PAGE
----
What this means is that the numbers of “radical” Muslims are being swelled in prison from the worst dregs of society and then being released back onto the streets.

Thus prisons, far from rehabilitating such criminals are “dehabilitating” them still further and adding to their number.


Islam itself is both supremacist and supersessionist. It believes it has a god-given right to invade and conquer non-Muslim lands, which it terms the “darul harb” - the “house of war” - to bring them within the “darul Islam” - the “house of Islam” and it believes that it may use violence, including what we see as terrorism, to further those ends.

Recently, with the rise of the “Islamic state” we saw that people born and bred in this Country travelling to Syria and taking up arms against this Country on behalf of an entity that had declared war on Britain (and just about everyone else).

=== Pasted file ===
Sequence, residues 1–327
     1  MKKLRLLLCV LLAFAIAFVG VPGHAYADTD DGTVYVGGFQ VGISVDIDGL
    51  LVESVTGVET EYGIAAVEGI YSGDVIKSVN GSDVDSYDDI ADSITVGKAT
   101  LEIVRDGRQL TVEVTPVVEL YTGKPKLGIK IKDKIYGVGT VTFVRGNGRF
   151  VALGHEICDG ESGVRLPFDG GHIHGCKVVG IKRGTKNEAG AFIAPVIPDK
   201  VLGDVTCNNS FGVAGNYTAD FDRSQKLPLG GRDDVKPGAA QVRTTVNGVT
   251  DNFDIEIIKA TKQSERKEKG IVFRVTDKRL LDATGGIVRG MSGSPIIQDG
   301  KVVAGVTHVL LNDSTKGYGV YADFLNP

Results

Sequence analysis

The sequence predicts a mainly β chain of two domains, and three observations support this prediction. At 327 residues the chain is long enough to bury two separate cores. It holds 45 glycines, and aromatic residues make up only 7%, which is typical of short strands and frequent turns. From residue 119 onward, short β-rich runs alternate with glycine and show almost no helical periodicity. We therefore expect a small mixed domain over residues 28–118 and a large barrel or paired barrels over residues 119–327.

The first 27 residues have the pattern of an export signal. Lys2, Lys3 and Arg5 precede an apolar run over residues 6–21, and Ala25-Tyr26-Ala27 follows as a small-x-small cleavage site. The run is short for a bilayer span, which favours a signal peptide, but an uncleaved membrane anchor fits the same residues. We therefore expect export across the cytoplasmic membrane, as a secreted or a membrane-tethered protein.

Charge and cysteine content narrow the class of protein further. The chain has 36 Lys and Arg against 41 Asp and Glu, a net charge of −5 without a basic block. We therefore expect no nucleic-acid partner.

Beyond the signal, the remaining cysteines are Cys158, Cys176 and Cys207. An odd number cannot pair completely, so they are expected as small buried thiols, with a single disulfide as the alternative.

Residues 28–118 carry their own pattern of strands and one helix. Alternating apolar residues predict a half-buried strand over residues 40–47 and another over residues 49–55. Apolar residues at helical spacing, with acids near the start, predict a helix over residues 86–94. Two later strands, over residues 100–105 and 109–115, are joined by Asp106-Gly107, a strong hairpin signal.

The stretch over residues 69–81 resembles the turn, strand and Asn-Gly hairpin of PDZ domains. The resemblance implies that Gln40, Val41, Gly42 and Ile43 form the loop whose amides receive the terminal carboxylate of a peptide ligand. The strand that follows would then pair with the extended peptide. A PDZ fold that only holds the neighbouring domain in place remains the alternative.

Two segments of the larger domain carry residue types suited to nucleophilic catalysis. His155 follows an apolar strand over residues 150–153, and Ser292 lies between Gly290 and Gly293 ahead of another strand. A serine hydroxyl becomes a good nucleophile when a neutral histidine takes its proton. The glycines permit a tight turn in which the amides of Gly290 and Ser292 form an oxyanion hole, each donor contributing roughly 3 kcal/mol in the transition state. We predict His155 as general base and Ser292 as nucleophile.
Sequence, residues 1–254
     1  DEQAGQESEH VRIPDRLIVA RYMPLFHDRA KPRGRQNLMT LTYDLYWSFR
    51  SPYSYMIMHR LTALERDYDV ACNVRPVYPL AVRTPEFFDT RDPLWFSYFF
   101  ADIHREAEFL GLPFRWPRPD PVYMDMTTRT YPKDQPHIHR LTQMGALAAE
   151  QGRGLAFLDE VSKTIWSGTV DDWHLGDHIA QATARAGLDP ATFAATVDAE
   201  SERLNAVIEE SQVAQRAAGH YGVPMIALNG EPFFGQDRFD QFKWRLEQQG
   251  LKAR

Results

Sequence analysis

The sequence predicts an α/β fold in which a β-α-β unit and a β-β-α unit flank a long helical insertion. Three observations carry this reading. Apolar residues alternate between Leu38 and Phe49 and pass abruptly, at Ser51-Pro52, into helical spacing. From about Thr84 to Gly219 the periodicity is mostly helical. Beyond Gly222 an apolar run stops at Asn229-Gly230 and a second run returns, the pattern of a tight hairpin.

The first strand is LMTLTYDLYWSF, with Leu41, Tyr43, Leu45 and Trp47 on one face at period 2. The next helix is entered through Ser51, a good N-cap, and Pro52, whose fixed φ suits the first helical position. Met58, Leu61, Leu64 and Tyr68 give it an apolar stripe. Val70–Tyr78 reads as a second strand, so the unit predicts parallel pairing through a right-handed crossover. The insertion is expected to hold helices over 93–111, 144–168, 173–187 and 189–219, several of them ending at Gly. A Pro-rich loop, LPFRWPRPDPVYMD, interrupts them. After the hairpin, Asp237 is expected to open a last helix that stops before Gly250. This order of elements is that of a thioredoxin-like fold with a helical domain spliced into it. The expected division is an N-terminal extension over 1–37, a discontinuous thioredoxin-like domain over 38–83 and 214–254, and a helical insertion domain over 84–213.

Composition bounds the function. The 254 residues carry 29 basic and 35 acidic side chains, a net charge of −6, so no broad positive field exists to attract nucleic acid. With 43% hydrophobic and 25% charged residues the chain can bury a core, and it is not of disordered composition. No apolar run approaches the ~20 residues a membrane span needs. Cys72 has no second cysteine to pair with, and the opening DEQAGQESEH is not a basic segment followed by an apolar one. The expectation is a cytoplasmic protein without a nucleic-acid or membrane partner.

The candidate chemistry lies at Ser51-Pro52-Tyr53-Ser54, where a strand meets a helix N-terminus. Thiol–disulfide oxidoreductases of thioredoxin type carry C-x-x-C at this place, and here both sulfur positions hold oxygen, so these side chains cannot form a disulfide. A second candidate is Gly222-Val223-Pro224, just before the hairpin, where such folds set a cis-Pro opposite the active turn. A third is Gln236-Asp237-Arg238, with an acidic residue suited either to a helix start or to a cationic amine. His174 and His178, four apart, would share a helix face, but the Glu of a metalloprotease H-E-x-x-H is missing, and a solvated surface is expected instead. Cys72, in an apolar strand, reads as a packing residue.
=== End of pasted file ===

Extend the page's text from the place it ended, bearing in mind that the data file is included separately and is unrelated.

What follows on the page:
This is High Treason. In UK law High Treason is defined (in part) as: “levying war against the sovereign and adhering to the sovereign's enemies, giving them aid or comfort.” “Sovereign” in this context means “Country”.

ISIL's returning Jihadists, according to the government, “could be” (are) guilty of High Treason.

With the destruction of ISIL as a territory holding entity (which rather makes a mock of the “state” part of “Islamic State” and delegitimises some of their claims in the eyes of Islam) it has morphed into yet another Islamic terror group with a global reach – at present it is a sort of “al-Qaeda on steroids”.

What sets it apart is that “IS” is very keen on “home-grown” terrorists who, before they carry out their terrorist attacks, pledge allegiance to the group which sees itself being in an armed struggle against the “darul harb” - literally “house of war” or non-Islamic world.

Thus again these terrorists are committing High Treason by “levying war against the sovereign and adhering to the sovereign's enemies...”.